My heart is slowly breaking and searching for the answers as my sister seems to get sicker and sicker. I am helpless, yet I have a truth within me, the knowledge that a higher power has a plan etched in stone for each one of us. I believe my Heavenly Father has a beautiful plan, not only for my life, but also one for my sister. Right now she is merely a piece of broken glass that lacks the strength to reflect His light, so I must reflect it for both of us. She is trapped inside a life-threatening cocoon, but one day she will be set free.
The friend whom I will always hold closest to my heart is my sister Natasha. She came into this world only nineteen months before me to pave the path so my way would be less difficult. Now it is my turn to tread the path for her, for right now my sister is fighting an enemy that knocks her back at every step: she is struggling against an eating disorder. Anorexia Nervosa began to consume her life five years ago, and before she could turn back, this nasty disease had its terminal grip on every part of her life. She could not, and still cannot, live a single day without being slowly consumed by this killer. Anorexia is a disruptive force that has interrupted my sister’s journey and has brought her near death on more than one occasion. It is a battle she fights with every ounce of strength. As the sister and best friend of someone who is deathly ill, I began to wonder what acti…
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…rs.” 1994. Mental Help Net
The Disgrace of Flag Burning
The Disgrace of Flag Burning
To Those Who Want To Burn the Flag, just ask permission……..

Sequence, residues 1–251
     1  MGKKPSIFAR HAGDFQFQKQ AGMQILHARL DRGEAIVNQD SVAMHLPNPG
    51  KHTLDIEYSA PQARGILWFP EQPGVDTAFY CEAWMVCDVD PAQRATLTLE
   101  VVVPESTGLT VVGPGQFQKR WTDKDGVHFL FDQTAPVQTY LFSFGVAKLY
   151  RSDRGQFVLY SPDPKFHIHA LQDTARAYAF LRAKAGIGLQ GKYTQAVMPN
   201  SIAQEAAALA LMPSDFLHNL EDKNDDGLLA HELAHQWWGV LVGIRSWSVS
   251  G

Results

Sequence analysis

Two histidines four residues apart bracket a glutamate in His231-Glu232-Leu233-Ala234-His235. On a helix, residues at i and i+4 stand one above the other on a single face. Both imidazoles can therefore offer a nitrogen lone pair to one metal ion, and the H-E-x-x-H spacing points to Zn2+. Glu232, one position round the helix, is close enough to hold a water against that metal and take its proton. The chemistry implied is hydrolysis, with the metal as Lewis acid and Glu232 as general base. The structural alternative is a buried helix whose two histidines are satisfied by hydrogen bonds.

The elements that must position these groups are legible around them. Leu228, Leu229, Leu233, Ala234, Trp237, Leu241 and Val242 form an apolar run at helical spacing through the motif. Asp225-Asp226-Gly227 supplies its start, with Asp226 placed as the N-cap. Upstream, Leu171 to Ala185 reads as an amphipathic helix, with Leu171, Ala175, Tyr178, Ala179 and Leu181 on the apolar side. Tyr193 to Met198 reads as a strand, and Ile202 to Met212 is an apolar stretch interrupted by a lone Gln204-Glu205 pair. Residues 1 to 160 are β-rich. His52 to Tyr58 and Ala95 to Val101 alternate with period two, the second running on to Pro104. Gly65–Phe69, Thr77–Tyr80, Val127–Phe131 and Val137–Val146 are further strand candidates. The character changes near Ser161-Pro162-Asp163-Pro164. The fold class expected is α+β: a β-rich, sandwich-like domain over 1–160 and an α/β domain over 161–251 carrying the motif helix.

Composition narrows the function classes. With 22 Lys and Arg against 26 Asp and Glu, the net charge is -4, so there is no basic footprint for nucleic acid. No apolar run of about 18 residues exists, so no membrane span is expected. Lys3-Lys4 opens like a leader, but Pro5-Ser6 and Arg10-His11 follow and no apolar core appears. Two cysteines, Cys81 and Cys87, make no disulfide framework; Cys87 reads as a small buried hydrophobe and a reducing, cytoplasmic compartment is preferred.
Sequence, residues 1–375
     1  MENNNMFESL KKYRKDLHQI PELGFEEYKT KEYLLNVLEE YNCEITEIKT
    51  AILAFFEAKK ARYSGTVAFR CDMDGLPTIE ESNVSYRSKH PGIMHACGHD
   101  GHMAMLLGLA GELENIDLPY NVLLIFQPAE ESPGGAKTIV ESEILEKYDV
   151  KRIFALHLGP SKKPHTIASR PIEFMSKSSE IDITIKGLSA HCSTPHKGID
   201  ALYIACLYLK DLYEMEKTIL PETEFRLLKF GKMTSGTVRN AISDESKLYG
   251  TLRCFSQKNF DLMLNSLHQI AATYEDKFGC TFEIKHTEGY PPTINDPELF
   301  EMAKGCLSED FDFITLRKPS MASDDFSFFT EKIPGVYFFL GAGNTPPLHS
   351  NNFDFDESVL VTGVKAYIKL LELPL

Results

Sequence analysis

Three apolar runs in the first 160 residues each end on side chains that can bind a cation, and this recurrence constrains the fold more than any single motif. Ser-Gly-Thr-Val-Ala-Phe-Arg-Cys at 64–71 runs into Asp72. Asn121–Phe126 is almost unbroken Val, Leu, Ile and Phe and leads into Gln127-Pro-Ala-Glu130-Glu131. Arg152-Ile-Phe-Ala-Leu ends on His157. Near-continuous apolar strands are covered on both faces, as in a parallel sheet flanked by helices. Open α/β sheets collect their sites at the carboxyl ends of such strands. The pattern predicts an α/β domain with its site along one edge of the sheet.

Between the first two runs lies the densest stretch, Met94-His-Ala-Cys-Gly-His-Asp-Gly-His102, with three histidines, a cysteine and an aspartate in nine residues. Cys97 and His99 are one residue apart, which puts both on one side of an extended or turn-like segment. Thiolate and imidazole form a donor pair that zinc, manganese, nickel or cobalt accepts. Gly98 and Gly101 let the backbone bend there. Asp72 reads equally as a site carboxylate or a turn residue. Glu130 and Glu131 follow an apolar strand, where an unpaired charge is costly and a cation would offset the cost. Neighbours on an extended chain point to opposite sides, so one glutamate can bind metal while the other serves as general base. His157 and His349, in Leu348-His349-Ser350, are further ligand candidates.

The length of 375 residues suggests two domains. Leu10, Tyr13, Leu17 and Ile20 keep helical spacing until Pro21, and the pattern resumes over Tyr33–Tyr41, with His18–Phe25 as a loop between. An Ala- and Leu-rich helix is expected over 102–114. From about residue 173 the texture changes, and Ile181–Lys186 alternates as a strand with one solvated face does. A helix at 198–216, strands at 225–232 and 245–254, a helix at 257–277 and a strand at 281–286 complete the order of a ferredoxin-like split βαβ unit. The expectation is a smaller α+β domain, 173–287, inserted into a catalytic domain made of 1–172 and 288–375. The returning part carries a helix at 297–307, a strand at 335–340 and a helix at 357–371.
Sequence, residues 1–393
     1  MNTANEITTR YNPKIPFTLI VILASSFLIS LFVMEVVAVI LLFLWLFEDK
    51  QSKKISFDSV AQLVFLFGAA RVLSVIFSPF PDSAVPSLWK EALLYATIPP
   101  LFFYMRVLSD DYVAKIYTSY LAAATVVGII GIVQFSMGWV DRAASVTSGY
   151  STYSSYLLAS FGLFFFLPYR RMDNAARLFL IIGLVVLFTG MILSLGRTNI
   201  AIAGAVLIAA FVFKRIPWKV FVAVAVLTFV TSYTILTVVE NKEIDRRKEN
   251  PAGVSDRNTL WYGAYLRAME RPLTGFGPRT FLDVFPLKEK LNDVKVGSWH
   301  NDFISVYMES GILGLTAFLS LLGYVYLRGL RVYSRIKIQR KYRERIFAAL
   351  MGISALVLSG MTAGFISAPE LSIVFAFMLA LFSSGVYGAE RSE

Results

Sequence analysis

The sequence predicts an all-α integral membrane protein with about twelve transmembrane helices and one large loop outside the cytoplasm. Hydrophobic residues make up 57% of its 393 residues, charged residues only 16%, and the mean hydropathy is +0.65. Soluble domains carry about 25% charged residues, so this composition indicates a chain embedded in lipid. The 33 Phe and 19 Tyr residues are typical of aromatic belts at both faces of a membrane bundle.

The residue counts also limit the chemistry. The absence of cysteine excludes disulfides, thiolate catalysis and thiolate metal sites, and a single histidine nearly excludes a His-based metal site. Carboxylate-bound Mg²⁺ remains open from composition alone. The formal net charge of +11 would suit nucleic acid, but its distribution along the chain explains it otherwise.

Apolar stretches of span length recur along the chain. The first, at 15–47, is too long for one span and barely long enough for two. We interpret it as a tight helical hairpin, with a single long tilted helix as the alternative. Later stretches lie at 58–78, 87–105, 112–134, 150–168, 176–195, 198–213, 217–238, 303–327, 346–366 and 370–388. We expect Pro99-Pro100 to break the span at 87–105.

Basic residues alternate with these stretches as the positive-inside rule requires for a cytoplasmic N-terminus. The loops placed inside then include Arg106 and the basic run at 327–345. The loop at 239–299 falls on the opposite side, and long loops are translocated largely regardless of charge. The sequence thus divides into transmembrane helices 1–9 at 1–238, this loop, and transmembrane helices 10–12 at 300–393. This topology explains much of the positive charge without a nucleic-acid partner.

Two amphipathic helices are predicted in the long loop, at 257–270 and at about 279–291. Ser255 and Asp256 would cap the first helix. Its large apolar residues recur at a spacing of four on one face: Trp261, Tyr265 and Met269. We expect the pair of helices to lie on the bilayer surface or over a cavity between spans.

Does the First Amendment give us the right to desecrate the American flag?
Or is the flag a sacred symbol of our nation, deserving protection by law?
For those who want to light Old Glory on fire, stomp all over it, or spit on it to make some sort of “statement,” I say let them do it. But under one condition: they MUST get permission from three sponsors. First, you need permission of a war veteran. Perhaps a Marine who fought at Iwo Jima? The American flag was raised over Mount Surabachi upon the bodies of thousands of dead buddies. Each night spent on Iwo meant half of everyone you knew would be dead tomorrow, a coin flip away from a bloody end upon a patch of sand your mother couldn’t find on a map.
Or maybe ask a Vietnam vet who spent years tortured in a small, filthy cell unfit for a dog. Or a Korean War soldier who helped rescue half a nation from Communism, or a Desert Storm veteran who repulsed a bloody dictator from raping and pillaging an innocent country.
That flag represented your mother and father, your sister and brother, your friends, neighbors, and everyone at home. I wonder what they would say if someone asked them permission to burn the American flag?
Next, you need a signature from an immigrant. Their brothers and sisters may still languish in their native land, often under tyranny, poverty and misery. Or maybe they died on the way here, never to touch our shores.
Some have seen friends and family get tortured and murdered by their own government for daring to do things we take for granted every day. For those who risked everything simply for the chance to become an American….what kind of feelings do they have for the flag when they Pledge Allegiance the first time? Go to a naturalization ceremony and see for yourself, the tears of pride, the thanks, the love and respect of this nation, as they finally embrace the American flag as their own. Ask one of them if it would be OK to tear up the flag.
Last, you should get the signature of a mother.